In defense of AT’s decision to suspend comments
As a longtime contributor to American Thinker, I want to step in to defend Thomas Lifson’s decision to suspend the comments section here. I don’t believe for one minute that this was a decision that Thomas made gladly or without compelling cause.
Let me say I fully share readers disappointment at closing the comments section, and the anger is understandable, though I believe we need to direct it toward the real enemy. I deeply appreciate and have learned from comments posted by readers of my articles, and I thank them.
I began writing for American Thinker over a dozen years ago. I was attracted to this forum because of the brilliance of the concept: permitting citizens from all walks of life to provide analysis, opinion, and deeper reflection about the issues of the day. By so doing, Thomas has greatly demonstrated that America is a land rich with wonderfully insightful minds, minds dedicated to liberty and the American Way. He’s empowered folks like myself, who would otherwise have had no significant outlet for expression. Through the years, Thomas -- and, subsequently, his talented team -- have grown American Thinker into a recognized and respected brand, thereby giving the contributions here greater exposure.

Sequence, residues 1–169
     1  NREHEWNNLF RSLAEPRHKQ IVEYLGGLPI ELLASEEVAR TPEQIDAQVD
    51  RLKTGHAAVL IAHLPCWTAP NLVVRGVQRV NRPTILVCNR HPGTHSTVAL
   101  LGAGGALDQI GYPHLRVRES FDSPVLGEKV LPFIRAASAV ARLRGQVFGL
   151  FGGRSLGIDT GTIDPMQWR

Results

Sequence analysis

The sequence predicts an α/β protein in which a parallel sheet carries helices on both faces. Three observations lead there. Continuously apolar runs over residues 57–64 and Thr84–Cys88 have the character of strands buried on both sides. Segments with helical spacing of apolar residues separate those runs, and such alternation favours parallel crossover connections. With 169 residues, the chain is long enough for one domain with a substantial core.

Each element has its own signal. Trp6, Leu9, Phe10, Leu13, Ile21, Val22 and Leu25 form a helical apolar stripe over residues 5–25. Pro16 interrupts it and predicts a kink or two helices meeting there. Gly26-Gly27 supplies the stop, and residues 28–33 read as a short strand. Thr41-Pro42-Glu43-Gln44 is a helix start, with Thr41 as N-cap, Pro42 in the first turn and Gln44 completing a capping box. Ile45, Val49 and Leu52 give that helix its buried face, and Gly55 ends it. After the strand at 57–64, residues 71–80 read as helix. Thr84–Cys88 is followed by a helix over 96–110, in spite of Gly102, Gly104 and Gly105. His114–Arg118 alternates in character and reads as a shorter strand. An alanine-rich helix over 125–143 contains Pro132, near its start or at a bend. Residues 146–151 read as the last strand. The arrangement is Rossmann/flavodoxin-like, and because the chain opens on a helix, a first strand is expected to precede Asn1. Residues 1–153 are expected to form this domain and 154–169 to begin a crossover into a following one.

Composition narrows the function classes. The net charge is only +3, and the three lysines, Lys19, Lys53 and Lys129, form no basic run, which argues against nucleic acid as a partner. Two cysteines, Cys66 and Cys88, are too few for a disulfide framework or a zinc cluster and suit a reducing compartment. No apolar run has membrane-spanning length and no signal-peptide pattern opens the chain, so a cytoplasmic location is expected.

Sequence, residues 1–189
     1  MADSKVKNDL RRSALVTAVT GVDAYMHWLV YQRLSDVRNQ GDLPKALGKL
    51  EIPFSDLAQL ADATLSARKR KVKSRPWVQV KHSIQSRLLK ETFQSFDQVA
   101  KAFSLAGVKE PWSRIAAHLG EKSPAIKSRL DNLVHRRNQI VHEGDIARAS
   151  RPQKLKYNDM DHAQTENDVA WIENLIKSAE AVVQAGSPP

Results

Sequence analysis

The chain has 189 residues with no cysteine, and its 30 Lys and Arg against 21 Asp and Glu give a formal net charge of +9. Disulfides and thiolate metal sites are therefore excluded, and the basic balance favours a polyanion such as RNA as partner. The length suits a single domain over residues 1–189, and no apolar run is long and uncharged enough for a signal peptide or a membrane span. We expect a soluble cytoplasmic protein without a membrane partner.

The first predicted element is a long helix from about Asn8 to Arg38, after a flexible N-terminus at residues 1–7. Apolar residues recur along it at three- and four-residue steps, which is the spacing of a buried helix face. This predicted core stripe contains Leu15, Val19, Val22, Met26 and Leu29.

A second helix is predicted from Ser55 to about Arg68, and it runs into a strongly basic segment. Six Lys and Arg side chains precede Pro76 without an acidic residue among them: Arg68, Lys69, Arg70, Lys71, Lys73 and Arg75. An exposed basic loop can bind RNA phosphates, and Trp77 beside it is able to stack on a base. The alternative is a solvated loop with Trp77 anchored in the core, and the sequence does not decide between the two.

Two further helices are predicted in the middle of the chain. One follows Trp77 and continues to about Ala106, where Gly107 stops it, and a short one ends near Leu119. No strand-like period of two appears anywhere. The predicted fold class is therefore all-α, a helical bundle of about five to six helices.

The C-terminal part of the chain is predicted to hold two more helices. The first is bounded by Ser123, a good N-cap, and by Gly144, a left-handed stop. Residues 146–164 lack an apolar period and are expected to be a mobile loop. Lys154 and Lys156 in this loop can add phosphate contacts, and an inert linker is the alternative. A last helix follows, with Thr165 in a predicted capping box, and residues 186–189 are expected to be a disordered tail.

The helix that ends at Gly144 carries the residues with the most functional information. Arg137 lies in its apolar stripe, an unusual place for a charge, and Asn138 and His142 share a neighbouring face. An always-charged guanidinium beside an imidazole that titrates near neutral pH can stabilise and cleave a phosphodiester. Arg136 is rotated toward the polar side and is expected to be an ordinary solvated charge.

His brainchild has been an eloquent and powerful challenge to the fossil media, barnacle-encrusted “progressive” think tanks, leftist-controlled universities, and stilted elites on either coast -- all who suffer conceits and disdain us “proles.”
In the early days, Thomas edited my writing. His support, advice, and promotion of my articles made me a far better writer and was quite generous. I doubt I’m the only contributor who has so benefited.
As I’ve written in recent weeks, we’re at war. It’s a highly unconventional, asymmetric war. Currently, the enemies of liberty enjoy formidable advantages. Big Tech is only one powerful faction arrayed against us. If we rush headlong at them, we play into their hands and will surely lose. Our aim at this juncture is to buy time. We need to be shrewdly tactical. George Washington spent the better part of the Revolution in tactical retreats. Sam Houston wisely chose not to engage Santa Anna in battle until the right moment. Tactical retreat isn’t defeat. It’s part of smart warfare.
In the days ahead, we’ll face more challenges, trials, and, yes, setbacks. The time ahead is fraught with dangers. I’m convinced that this fight is the most momentous in our nation’s life: Will liberty and republican government perish or be restored and made stronger? So, let’s stay united. Let’s together, among us patriots, build strengths and find ways to effectively take the fight to the enemy. May God bless us all and grant us final victory.
J. Robert Smith can be found on Parler @JRobertSmith, when Parler returns, and is new to Gab, again @JRobertSmith. He also blogs at Flyover.